The Significance of SPDR Gold Shares Dual Currency TradingBy Chinese Gold and Silver Exchange
Published on June 10, 2021
Effective 30 June, dual currency trading will be introduced to the SPDR Gold Shares ETF which will commence trading in a secondary currency of SGD, with the primary trading currency remaining the USD.
As the unit holdings executed via SGD and USD counters are custodised in a consolidated pool at the depository, investors can buy one currency counter and sell in the other currency counter.
The ETF, also included under the CPFIS-OA, has a minimum board lot size of five units (approx. 0.47 ounces of gold), which at a current unit price of US$166, has a value of US$830 (approx. S$1,110). The SPDR Gold Shares ETF was the most traded ETF listed in Singapore in 2019 and 2020, and the second most traded ETF in the 2021 year to date.
The SPDR Gold Shares ETF has averaged daily turnover close to US$4 million since the end of 2019, which compares to average daily turnover of US$1.7 million for the three years pre-COVID.
The past five years have seen the SPDR Gold Shares ETF generate a 32% return in USD terms, while the regional FTSE ASEAN All-Share Index generated an 8% price return, with reinvested dividends boosting the total return to 18.8% (also in USD terms). While both benchmarks generated gains over the five years, with the SPDR Gold Shares ETF return largely unchanged at 31% in SGD terms, periods of heightened volatility saw a number of performance divergences across the index, ETF and SGD/USD. So much so, that over the past five years, the daily moves of the SPDR Gold Shares ETF have been inversely correlated to the FTSE ASEAN All-Share Index. When changing the denomination of the SPDR Gold Shares ETF to the SGD, the ETF’s inverse correlation to FTSE ASEAN All-Share Index was increased further. One possible reason for this was that the SPDR Gold Shares ETF, and to a lesser extent, the SGD, have both appealed as less riskier assets that served investors seeking safer havens in recent years.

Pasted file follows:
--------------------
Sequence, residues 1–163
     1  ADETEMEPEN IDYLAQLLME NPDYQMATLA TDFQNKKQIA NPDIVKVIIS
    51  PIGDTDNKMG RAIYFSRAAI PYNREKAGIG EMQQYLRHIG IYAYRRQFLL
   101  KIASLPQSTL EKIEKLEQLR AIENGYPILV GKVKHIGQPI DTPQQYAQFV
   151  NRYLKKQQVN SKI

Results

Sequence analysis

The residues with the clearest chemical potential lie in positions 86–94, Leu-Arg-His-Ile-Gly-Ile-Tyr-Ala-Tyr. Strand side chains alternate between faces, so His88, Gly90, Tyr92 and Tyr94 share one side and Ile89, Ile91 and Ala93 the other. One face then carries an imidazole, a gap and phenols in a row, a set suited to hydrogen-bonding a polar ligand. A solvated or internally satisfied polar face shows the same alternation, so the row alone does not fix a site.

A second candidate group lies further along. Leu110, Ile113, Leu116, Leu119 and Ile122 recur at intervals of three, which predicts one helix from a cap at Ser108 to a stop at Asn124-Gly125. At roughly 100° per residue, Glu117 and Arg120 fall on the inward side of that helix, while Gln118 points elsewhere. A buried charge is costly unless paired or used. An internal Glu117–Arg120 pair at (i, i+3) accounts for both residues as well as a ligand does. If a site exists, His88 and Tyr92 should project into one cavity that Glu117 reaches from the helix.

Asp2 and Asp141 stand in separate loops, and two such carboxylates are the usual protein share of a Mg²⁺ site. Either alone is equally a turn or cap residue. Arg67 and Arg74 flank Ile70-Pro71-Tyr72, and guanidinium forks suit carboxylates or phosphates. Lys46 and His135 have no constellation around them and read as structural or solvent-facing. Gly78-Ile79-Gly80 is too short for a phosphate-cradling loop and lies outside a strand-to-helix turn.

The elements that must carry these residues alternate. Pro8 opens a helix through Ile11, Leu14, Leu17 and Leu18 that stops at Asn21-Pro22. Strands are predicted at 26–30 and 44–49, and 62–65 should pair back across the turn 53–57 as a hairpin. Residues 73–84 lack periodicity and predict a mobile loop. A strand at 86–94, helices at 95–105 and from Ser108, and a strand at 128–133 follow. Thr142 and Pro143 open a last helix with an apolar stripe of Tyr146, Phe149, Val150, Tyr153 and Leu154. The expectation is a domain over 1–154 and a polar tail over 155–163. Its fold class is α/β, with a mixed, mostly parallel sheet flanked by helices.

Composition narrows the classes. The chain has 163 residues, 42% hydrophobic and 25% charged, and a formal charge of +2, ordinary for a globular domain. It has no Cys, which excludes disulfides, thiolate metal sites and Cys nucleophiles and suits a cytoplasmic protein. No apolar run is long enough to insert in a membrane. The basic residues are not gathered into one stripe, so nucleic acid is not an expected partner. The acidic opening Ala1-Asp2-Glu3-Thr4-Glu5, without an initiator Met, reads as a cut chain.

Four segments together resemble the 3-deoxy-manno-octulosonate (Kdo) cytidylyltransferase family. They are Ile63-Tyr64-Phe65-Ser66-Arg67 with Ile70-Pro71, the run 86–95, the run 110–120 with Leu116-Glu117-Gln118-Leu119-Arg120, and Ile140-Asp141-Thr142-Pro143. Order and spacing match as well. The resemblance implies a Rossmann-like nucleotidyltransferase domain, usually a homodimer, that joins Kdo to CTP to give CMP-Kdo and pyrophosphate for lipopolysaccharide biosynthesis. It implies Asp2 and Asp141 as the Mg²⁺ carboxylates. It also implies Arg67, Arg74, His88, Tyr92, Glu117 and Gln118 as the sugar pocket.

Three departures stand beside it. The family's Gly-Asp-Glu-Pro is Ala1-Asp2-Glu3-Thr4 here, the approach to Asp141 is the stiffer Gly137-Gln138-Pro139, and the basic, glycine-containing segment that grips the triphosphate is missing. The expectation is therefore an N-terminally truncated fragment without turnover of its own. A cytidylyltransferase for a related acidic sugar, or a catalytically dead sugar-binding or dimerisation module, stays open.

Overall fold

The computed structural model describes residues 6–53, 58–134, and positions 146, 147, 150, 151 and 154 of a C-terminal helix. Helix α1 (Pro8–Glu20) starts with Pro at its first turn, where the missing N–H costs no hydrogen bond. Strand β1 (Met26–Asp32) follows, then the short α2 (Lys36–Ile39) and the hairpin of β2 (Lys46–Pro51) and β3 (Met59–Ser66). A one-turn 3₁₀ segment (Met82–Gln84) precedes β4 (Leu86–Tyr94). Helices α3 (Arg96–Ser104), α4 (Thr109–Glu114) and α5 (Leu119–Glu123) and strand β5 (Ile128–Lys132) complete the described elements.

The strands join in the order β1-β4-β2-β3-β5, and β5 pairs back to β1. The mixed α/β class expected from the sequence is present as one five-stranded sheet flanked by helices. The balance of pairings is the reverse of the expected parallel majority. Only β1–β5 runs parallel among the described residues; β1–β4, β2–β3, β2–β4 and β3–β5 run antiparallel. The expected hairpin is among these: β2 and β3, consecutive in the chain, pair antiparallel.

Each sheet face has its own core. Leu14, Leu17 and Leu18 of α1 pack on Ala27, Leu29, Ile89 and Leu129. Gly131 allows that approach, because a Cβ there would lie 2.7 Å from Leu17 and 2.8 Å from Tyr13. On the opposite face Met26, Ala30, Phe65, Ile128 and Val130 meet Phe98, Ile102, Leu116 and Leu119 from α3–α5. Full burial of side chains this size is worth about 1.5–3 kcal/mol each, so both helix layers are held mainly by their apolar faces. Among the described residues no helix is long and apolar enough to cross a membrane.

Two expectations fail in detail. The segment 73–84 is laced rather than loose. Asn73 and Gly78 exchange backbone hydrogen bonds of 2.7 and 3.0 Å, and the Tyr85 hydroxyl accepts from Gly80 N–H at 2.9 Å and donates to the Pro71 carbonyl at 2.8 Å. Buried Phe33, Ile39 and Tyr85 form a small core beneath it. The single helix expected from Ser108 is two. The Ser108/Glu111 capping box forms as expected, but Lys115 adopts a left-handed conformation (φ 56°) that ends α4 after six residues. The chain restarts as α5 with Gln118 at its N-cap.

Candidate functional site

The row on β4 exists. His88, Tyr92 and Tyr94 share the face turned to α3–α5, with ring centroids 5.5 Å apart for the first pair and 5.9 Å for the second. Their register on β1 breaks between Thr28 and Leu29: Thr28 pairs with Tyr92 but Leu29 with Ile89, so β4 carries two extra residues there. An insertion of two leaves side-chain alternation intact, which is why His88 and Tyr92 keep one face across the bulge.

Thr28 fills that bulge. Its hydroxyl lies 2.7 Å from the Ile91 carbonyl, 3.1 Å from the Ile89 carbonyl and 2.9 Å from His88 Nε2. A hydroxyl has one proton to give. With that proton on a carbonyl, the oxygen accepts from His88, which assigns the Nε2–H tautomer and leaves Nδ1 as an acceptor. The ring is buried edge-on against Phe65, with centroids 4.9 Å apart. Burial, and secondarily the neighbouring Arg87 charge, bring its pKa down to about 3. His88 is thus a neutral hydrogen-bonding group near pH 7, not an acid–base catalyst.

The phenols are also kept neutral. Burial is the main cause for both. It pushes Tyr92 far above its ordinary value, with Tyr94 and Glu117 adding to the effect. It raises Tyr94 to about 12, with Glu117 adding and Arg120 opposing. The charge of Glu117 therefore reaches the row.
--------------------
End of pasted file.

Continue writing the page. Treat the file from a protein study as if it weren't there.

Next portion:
For instance, during the market volatility between 15 January 2020 and 15 April 2020 the FTSE ASEAN All-Share Index, which is denominated in USD, declined 26.5% while the SPDR Gold Shares ETF in USD terms gained 9.8%. The USD continues to remain the most used international currency used for international and intra-regional trade. During the four months, the SPDR Gold Shares ETF gained 16% in SGD terms, outpacing the 9.8% gain for the ETF in USD terms. This meant the simple inverse correlation of the SPDR Gold Shares ETF in SGD terms to the FTSE ASEAN All-Share Index in USD terms, for the short period, was exacerbated further, in this case, from -9% to -56%.
From 14 January 2021 to 1 February 2021, the FTSE ASEAN All-Share Index declined 4.6% in USD terms, while the SPDR Gold Shares ETF in USD terms gained 1.1% and the SPDR Gold Shares ETF in SGD terms gained 1.7%. More recently, the three weeks from 29 April to 20 May saw the FTSE ASEAN All-Share Index decline 3% in USD terms, while the SPDR Gold Shares ETF in USD terms gained 5.1% and the SPDR Gold Shares ETF in SGD terms gained 5.5%.